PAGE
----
The only ticklish problem that remained was what to do about that pesky, charismatic Lonnie Frisbee, for there was no feasible way to completely leave him out of the picture. But the book handily took care of this by keeping Lonnie in the storyline but at the same time using every opportunity to suggest that he was an erratic and unstable personality — an aberration, who ended up being a pathetic failure, shrunken, dying in a hospice somewhere. There was indeed a certain artistic ingenuity in constructing the narrative this way, because Lonnie could then be used as a foil to draw a sharp and dramatic contrast with those who are the real and abiding heroes of the Jesus Revolution book, its towering pillars of solid stability and enduring success: pastor Chuck Smith, and Chuck's most exemplary protégé, Greg Laurie, of course.

As books go, Jesus Revolution is an interesting and curious hodgepodge. Yes, for a backdrop, it does contains a thumbnail history of America in the 1960s and 1970s, and hippies and Calvary Chapel and pastor Chuck Smith — mainly for the benefit of the Millennials, who were born too late to know about this stuff. But the book was primarily intended to be a memoir about the lives of Greg Laurie and his wife Cathe, although it was told in the third person, which was an odd technique to use in a memoir. And though they are the book's primary characters — and the readers will sympathize with them — not all that much is revealed about them that hasn't already been made known publicly from other sources. One of the few surprising details disclosed in the book was pastor Chuck Smith's strong opposition to Greg's plan to expand his Harvest ministry by opening a campus in Orange county, which eventually landed in Irvine, California. However, pastor Chuck later acquiesced to Greg's decision, not long before dying from lung cancer in October of 2013. The book finishes up with the funeral of Chuck Smith, followed by three additional chapters of general sermonizing about revivals in America, which mostly reflects or amplifies the conventional, evangelical wisdom about the subject.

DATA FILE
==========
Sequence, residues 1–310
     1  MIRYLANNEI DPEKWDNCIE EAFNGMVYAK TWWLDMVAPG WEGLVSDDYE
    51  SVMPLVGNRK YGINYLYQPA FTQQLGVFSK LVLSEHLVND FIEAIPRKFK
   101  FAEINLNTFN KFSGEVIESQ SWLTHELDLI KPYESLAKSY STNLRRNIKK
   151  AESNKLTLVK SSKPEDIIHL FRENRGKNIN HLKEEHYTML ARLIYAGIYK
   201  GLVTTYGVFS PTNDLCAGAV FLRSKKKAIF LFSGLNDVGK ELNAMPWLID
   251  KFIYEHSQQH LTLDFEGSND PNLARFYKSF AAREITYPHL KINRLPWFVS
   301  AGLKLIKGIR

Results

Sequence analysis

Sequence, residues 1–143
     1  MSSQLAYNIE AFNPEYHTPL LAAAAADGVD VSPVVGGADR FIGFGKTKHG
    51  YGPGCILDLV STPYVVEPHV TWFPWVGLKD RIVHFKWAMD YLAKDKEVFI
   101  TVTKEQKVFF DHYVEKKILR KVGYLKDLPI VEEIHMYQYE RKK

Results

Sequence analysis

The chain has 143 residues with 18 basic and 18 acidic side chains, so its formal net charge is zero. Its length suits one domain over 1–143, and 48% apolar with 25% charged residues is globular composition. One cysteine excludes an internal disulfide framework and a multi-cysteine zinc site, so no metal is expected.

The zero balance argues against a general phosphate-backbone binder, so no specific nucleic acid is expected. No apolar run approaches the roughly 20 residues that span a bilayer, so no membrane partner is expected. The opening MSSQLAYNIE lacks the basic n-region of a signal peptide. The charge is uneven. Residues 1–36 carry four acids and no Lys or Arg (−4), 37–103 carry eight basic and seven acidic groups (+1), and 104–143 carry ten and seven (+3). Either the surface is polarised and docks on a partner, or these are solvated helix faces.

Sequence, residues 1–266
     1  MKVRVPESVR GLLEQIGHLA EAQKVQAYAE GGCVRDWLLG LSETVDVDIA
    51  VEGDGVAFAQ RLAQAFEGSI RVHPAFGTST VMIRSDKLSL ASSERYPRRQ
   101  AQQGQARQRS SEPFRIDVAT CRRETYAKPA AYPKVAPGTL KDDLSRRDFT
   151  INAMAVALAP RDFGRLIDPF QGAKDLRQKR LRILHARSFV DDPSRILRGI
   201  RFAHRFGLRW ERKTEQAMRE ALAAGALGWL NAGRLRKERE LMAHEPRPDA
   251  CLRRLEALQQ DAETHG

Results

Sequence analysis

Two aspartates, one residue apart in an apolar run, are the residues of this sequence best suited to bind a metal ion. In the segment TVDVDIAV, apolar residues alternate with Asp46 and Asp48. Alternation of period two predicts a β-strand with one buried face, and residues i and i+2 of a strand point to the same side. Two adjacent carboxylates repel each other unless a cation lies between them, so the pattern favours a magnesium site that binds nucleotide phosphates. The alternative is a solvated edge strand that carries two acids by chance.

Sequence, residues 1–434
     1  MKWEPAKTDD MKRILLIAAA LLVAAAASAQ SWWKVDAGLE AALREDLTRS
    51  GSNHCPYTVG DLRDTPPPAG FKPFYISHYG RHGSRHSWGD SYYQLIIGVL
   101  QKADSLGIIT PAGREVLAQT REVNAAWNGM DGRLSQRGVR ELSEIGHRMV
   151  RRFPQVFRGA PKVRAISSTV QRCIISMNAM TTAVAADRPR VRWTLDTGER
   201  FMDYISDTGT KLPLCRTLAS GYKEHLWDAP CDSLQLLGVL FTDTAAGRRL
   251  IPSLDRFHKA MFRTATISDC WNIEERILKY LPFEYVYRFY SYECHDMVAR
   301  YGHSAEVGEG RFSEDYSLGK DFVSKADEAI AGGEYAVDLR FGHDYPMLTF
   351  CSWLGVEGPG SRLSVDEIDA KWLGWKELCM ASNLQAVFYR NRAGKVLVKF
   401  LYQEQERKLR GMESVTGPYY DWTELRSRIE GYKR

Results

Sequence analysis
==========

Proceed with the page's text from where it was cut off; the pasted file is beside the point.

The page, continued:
I think a more descriptive subtitle for the book could have been The Adventures of Greg and Cathe During The Jesus Movement and Beyond, and How You Too Can Have Explosive Success in Your Church Just Like Pastor Chuck Smith Did. The book didn't reach as far as becoming an earth-shattering literary work of stunning, heartbreaking genius, nor was it tiresome dreck. It was a fair, passable book, notwithstanding how it devaluated the charismatic side of Calvary Chapel and slanted the perspective regarding Lonnie Frisbee. And while it did not present any new and extraordinary ground-breaking insights that elucidate the nature of revivals, I nonetheless think that Greg Laurie sincerely wishes to see a revival happen again in America, which indeed sorely needs it. Writing books about revivals, however, doesn't start revivals — the power of God does, with signs and wonders following, mixed in with a heap of controversy. Despite my reservations, I would still recommend Greg's book, cautiously, and rate it at about two-and-a-quarter stars out of five.

Jesus Revolution has been out there since September of last year and is getting heavy-duty promotion and plenty five-star reviews — a movie version is already in the works — so I suppose it can be said that success rebuts any fool's clever argument. My book review may be the only one that is less than adulatory. On the other hand, I did like the book's jacket cover. I noticed on the decorated hippie VW van, depicted on the cover, there was a drawing of Greg's famous cartoon character "Ben B. Again." To end things on a lighter note, I wanted to ask Ben to come around and put in a good word, but unfortunately he wasn't available due to contractual obligations. Ben's older brother Ziggy and his trusty friend Inkman were kind enough to volunteer instead.